22. Galium hoffmeisteri (Klotzsch) Ehrendorfer & Schönbeck-Temesy ex R. R. Mill, Edinburgh J. Bot. 53: 95. 1996.
六叶律 liu ye lü
Asperula hoffmeisteri Klotzsch, Bot. Ergebn. Reise Waldemar, 87. 1862; Galium asperuloides Edgeworth subsp. hoffmeisteri (Klotzsch) H. Hara; G. asperuloides var. hoffmeisteri (Klotzsch) Handel-Mazzetti; G. asperulopsis H. J. P. Winkler; G. japonicum Makino (1895), not (Maximowicz) Makino & Nakai (1908); G. triflorum Michaux var. hoffmeisteri (Klotzsch) J. D. Hooker.
Herbs, perennial, from filiform reddish rhizomes. Stems generally erect, (10-)15-30(-40) cm tall, 4-angled, glabrous and smooth, sometimes hispidulous at nodes. Middle stem leaves and leaflike stipules in whorls of up to 6 (in weak plants rarely only up to 4), with petioles up to 3 mm; blade drying papery or membranous, narrowly elliptic-oblong to broadly oblanceolate, (10-)15-30(-40) × (4-)5-10(-12) mm, length/breadth index mostly 2.5-3.5, glabrescent, smooth or rarely retrorsely aculeolate on abaxial midrib, base acute to obtuse, margins antrorsely aculeolate, apex obtuse to rounded and abruptly apiculate; vein 1. Inflorescences terminal and sometimes in axils of upper leaves, with few- to several-flowered cymes; peduncles glabrous, smooth; bracts none or few, 1-2 mm; pedicels 0.3-3 mm. Ovary obovoid to subglobose, 0.5-0.8 mm, strigillose with undeveloped trichomes. Corolla white or light green, rotate, 2.5-3 mm in diam., glabrescent, lobed for 3/4 or more; lobes 4, ovate, acute. Mericarps ellipsoid, 1.2-2 mm, with dense uncinate trichomes 0.8-1.2 mm, on pedicels elongating and up to 10 mm. Fl. Apr-Aug, fr. May-Sep.
Forests on mountain slopes, thickets, along rivers, ditch sides, meadows; 400-4000 m. Anhui, Gansu, Guizhou, Hebei, Heilongjiang, Henan, Hubei, Hunan, Jiangsu, Jiangxi, Shaanxi, Shanxi, Sichuan, Xizang, Yunnan, Zhejiang [Afghanistan, Bhutan, India, ?Japan, Kashmir, Korea, Myanmar, Nepal, Pakistan].
Galium hoffmeisteri, together with G. bungei, G. spurium, and G. verum, is one of the most commonly collected species of Galium in China. Previous authors usually have included it as a subspecies under G. asperuloides. Only recently, the two taxa were discussed and re-established on the species level by Ehrendorfer et al. (Fl. Iranica 176: 183-185. 2005) and by Mill (loc. cit.). All specimens seen so far from China belong to G. hoffmeisteri. Nevertheless, as G. asperuloides s.s. ranges in the W Himalaya from Afghanistan to N Pakistan and N India, it can also be expected in SW China (in particular, Xizang). Accordingly, it is included in the present treatment for reference.
In Japan Galium hoffmeisteri is replaced by G. nipponicum Makino (G. trifloriforme var. nipponicum (Makino) Nakai), but some of the Japanese specimens greatly approach G. hoffmeisteri. Another very similar vicariant is G. echinocarpum from Taiwan. Further relatives are the Eurasian disjunct G. odoratum and the circumboreal G. triflorum. Together with G. asperuloides, all these taxa belong to G. sect. Hylaea as shown by Ehrendorfer et al. (loc. cit.: 181-185). Galium triflorum is rare in China and closely related to G. trifloriforme (see under these species). The latter may be a hybridogenous taxon linking G. sect. Hylaea and G. sect. Trachygalium. But to synonymize G. trifloriforme with G. hoffmeisteri (e.g., W. C. Chen in FRPS 71(2): 230. 1999; Govaerts et al., World Checkl. Rubiaceae; http://www.kew.org/wcsp/ rubiaceae/; accessed on 15 Sep 2010) is certainly not correct.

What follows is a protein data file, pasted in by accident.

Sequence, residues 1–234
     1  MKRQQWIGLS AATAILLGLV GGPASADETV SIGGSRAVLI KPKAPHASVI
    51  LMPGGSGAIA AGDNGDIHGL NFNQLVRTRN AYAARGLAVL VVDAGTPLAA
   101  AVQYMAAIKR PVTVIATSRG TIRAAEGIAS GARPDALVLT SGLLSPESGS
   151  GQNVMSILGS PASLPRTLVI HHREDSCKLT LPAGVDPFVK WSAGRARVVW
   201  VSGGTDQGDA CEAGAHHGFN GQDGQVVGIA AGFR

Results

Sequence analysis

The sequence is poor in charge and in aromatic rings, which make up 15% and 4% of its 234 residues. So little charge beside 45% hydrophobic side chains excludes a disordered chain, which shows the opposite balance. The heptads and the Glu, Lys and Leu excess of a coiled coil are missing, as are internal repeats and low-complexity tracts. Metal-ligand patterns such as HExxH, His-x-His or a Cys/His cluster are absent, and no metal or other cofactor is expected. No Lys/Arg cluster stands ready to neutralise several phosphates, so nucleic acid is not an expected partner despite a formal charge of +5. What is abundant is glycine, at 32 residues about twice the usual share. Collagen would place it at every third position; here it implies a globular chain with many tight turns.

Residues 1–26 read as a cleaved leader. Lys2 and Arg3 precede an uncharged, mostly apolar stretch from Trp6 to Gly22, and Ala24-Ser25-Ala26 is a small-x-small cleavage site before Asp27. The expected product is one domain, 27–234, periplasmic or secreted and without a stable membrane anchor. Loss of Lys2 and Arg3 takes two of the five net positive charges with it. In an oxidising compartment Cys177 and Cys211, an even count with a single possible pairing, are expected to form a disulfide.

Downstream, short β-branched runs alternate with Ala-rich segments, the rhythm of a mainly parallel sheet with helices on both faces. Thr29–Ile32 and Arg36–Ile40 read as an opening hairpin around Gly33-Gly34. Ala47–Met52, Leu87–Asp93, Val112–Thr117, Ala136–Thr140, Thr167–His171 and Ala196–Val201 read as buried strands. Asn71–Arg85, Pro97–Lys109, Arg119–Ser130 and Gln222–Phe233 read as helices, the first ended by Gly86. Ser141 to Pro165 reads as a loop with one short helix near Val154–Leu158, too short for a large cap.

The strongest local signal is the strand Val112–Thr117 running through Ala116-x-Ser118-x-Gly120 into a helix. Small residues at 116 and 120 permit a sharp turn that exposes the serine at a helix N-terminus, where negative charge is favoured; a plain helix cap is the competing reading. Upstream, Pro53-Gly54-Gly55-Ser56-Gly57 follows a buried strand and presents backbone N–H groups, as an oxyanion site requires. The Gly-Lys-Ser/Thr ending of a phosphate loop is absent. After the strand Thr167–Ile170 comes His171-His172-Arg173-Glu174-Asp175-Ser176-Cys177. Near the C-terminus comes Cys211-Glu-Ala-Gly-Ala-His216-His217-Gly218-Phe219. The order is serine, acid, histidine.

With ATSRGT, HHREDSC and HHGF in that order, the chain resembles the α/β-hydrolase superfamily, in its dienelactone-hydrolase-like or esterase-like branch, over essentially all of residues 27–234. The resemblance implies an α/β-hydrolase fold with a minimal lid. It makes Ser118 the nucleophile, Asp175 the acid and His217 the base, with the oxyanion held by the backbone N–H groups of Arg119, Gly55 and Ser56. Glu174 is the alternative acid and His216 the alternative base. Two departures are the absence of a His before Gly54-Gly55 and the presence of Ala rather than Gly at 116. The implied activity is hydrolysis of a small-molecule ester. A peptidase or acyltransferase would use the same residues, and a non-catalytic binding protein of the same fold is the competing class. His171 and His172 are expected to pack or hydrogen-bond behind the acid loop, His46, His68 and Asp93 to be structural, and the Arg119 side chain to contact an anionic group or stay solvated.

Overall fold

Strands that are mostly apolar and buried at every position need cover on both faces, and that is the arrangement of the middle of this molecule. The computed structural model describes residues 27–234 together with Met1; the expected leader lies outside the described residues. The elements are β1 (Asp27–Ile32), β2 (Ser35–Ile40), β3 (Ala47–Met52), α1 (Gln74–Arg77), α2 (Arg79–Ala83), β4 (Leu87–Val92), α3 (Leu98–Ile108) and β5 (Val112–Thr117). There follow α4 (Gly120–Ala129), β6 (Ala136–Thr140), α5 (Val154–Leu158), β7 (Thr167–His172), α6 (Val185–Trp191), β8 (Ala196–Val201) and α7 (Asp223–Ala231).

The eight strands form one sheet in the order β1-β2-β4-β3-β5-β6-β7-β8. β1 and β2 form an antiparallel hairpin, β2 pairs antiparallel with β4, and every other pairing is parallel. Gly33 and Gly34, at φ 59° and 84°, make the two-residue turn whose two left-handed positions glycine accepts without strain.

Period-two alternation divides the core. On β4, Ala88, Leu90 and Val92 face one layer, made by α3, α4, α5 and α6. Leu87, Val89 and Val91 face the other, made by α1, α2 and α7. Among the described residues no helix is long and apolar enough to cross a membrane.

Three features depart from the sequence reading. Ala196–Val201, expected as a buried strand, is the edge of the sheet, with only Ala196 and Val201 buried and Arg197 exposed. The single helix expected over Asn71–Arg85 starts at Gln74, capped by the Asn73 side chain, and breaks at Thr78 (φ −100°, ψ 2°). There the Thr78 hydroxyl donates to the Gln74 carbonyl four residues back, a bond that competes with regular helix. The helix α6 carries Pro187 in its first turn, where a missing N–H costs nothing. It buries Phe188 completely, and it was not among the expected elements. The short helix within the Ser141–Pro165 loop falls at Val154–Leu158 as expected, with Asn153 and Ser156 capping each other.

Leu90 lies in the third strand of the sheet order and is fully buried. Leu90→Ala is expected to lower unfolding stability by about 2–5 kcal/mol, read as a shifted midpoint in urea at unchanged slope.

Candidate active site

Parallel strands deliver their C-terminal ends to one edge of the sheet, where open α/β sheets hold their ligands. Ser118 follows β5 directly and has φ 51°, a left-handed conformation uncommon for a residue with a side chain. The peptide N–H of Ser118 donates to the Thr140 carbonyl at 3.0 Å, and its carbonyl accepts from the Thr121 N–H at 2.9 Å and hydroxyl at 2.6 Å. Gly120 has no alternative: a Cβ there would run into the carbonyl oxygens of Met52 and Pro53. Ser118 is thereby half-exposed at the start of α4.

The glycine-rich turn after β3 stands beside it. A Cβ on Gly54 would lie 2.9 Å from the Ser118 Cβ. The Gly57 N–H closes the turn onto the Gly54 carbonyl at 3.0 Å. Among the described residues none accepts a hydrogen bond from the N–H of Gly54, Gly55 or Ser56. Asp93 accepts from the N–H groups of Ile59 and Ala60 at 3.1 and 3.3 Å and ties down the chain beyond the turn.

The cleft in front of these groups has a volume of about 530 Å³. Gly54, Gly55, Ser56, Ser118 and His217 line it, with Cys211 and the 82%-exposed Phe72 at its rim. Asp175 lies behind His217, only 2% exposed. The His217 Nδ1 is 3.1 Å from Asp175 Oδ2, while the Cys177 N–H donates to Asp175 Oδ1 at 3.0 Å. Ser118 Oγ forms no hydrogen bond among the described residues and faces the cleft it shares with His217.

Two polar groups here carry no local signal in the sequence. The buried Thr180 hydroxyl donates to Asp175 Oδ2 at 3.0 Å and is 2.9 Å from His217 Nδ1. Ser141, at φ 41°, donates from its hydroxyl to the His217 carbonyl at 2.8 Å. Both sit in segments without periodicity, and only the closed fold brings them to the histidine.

Slender plants of Galium hoffmeisteri are distantly reminiscent of G. kikumugura Ohwi (= G. brachypodum Maximowicz (1874), not Jordan (1846)) from Japan (see also under G. sichuanense). Yamazaki (Fl. Japan 3a: 236. 1993) described G. kikumugura as having leaf whorls of 4. In reality, it always develops whorls of up to 5 or 6 in the middle stem region. These leaves are quite similar to those of G. hoffmeisteri and have margins slightly antrorsely aculeolate or smooth. Nevertheless, G. kikumugura strongly deviates from G. hoffmeisteri and other members of G. sect. Hylaea by its cymes nearly exclusively lateral in leaf axils, usually consisting only of a filiform peduncle, a single bract, and 2 small flowers (ca. 1.5 mm in diam.) or sometimes a single flower. Furthermore, its kidney-shaped (not ellipsoid) mericarps (1.8-2 × 0.9-1 mm) differ by having scattered short and hooked hairs only ca. 0.1 mm. These latter characters are reminiscent of G. sect. Trachygalium and particularly of G. bungei (in G. sect. Platygalium s.l., where leaf whorls have only 4 elements). Thus, G. kikumugura is an isolated and aberrant species of the genus, possibly better placed into a separate monotypic section.